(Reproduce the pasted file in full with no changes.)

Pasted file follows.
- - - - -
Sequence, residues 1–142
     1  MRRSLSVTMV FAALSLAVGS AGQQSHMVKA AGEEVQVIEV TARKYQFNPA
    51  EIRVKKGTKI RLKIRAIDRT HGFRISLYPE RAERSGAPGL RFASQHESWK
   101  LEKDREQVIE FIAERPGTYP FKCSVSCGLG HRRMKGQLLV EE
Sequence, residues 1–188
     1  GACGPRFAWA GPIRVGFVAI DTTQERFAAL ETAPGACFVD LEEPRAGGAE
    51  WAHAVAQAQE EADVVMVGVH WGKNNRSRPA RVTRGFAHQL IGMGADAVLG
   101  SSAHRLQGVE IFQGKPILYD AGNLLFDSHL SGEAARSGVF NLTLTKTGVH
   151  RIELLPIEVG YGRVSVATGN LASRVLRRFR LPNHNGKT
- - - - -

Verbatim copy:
Sequence, residues 1–142
     1  MRRSLSVTMV FAALSLAVGS AGQQSHMVKA AGEEVQVIEV TARKYQFNPA
    51  EIRVKKGTKI RLKIRAIDRT HGFRISLYPE RAERSGAPGL RFASQHESWK
   101  LEKDREQVIE FIAERPGTYP FKCSVSCGLG HRRMKGQLLV EE
Sequence, residues 1–188
     1  GACGPRFAWA GPIRVGFVAI DTTQERFAAL ETAPGACFVD LEEPRAGGAE
    51  WAHAVAQAQE EADVVMVGVH WGKNNRSRPA RVTRGFAHQL IGMGADAVLG
   101  SSAHRLQGVE IFQGKPILYD AGNLLFDSHL SGEAARSGVF NLTLTKTGVH
   151  RIELLPIEVG YGRVSVATGN LASRVLRRFR LPNHNGKT